Cory Booker Bows Out

Andrew Donaldson

Born and raised in West Virginia, Andrew has since lived and traveled around the world several times over. Though frequently writing about politics out of a sense of duty and love of country, most of the time he would prefer discussions on history, culture, occasionally nerding on aviation, and his amateur foodie tendencies. He can usually be found misspelling/misusing words on Twitter @four4thefire and his writing website Yonder and Home. Andrew is the host of Heard Tell podcast.

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10 Responses

  1. Jaybird says:

    Warren/Booker is now on the table.Report

  2. Saul Degraw says:

    Booker and Harris suffered from the same problems:

    1. Neither could settle on a campaign strategy or issue and seem to go back and forth. Nor did they have Warren’s “I have a plan for it” persona.

    2. They could not peel off older black voters from Biden or younger black voters from Sanders.

    Booker had some extra baggage because of his work with Zucks on charter schools and to a lesser extent his support of Wall Street and Pharma. I’m more sympathetic about the second part because Wall Street and Pharma are major employers in New Jersey and provide lots of steady employment and opportunities for adjacent businesses and jobs.

    American politics seems to be mainly about jobs, jobs, jobs because we are too puritanical to consider a post-work future. A good paying job is best but any job is better than UNI (aka the dole) in the American psyche. I suspect that this is more so now because our politicians come from the workaholic classReport

  3. CJColucci says:

    Warren-Booker has a geographic balance problem. So too Sanders-Booker. Biden-Booker would be even worse. He might fit well with Klobuchar or Mayor Pete.Report

    • Kolohe in reply to CJColucci says:

      Geographic balance is overrated. Clinton-Gore doubled down on the same geography, and as for Obama-Biden, ‘Delaware’ is myth created by corporate lawyers and interstate highway builders.Report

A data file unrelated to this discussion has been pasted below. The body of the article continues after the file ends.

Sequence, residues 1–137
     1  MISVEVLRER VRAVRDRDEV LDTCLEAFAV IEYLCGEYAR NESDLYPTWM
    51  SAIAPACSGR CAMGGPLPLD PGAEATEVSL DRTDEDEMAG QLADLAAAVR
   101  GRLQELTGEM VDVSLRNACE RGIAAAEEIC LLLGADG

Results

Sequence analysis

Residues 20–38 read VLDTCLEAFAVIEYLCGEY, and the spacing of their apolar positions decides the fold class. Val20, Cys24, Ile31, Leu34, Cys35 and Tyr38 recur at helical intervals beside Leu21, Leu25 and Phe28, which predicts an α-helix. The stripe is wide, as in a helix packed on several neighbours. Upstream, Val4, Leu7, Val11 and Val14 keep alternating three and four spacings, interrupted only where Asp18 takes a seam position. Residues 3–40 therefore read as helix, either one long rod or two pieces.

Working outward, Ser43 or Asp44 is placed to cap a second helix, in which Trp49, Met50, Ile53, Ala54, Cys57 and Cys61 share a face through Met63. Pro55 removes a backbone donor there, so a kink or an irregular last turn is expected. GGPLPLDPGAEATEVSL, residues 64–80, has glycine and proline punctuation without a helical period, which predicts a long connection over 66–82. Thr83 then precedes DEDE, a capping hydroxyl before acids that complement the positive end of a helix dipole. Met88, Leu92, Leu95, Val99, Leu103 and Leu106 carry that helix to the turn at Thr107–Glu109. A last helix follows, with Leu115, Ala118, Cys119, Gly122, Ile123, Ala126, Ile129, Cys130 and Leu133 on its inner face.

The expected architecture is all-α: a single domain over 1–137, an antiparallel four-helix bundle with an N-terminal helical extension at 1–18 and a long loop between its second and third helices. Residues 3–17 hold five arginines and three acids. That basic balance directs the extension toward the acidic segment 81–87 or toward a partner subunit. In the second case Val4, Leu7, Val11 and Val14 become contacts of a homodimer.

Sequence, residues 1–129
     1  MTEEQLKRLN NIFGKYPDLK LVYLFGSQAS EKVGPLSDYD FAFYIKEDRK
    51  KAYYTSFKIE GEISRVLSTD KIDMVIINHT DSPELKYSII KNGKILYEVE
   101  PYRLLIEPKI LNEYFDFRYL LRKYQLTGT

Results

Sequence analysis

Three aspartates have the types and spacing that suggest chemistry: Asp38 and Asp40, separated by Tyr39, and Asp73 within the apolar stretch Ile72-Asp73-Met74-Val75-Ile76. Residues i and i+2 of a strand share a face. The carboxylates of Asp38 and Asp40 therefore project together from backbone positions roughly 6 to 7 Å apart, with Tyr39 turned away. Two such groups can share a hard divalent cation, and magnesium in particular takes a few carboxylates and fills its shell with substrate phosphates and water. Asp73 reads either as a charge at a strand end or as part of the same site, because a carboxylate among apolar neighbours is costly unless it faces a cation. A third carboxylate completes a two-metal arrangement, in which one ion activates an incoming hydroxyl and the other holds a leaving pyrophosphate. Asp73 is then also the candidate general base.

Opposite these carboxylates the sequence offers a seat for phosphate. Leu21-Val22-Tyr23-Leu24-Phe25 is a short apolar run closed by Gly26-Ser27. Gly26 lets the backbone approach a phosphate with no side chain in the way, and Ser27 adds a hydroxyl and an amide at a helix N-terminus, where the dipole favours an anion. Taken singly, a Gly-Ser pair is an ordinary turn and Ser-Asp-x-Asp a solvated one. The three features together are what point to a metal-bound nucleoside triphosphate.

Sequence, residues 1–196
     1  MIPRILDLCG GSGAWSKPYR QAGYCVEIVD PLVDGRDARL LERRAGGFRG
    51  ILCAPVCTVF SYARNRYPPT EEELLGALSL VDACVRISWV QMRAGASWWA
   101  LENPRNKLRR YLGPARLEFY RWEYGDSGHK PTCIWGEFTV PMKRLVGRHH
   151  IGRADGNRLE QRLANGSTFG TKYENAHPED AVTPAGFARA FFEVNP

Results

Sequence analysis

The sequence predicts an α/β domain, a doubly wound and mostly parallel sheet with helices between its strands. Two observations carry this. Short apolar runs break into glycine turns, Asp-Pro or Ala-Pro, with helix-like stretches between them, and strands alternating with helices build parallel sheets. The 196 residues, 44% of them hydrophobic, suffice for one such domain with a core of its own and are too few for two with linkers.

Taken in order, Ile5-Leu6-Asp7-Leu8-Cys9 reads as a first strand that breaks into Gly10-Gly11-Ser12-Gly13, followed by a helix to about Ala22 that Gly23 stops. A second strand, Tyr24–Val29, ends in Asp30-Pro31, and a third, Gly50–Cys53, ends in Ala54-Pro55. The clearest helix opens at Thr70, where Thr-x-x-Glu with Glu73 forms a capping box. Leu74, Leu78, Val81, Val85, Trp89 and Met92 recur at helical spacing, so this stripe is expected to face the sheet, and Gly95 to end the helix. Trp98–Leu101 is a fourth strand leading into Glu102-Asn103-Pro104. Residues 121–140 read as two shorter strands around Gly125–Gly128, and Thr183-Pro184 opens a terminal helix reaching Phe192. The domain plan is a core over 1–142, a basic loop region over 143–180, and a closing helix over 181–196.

• PD Shaw in reply to Kolohe says:

        There is a difference btw/ doubling down on a region that a party wants to flip (and Clinton-Gore flipped 4 to 6 southern states) and doubling down on areas of party strength. And I’m not sure if the primaries show that Booker really gets out the African-American vote.Report

        • Aaron David in reply to PD Shaw says:

          The flip thing is absolutely correct. Also, an ebony-ivory ticket is different than a regional ticket. And so on. Due to the sample size, you cannot really tell what is good or bad, statistically. It is all gut feeling.Report

          • CJColucci in reply to Aaron David says:

            I am not insisting that geographic balance is necessary, only that it is usually treated that way by the people who make these decisions.Report

            • Aaron David in reply to CJColucci says:

              Gotcha. Of course the proponent of a given idea is always going to be the biggest cheerleader.

              Regionalism made sense when that was major factor in the country, such as post civil war. But as we have de facto expanded the franchise, other groupings are far more important. There are so few of these events that each one must be taken on its own merits, and belly feel is probably the best metric.Report

    • Michael Cain in reply to CJColucci says:

      A geographic problem, but not balance. The VP candidate for the Dems hasn’t counted for much since Johnson. The problem is the lack of enthusiasm in the rest of the country for Dem candidates from the NE urban corridor at the top of the ticket. In an election likely to be settled by GOTV and excitement in Arizona, Iowa, Minnesota, Wisconsin, Michigan, Pennsylvania, and Florida, a candidate from the NE starts with a handicap.

      I’m not remarking on why that lack of enthusiasm exists, only that it’s a thing.Report

  4. George Turner says:

    The best quip I saw was a photo of Booker labeled “Departacus”. ^_^Report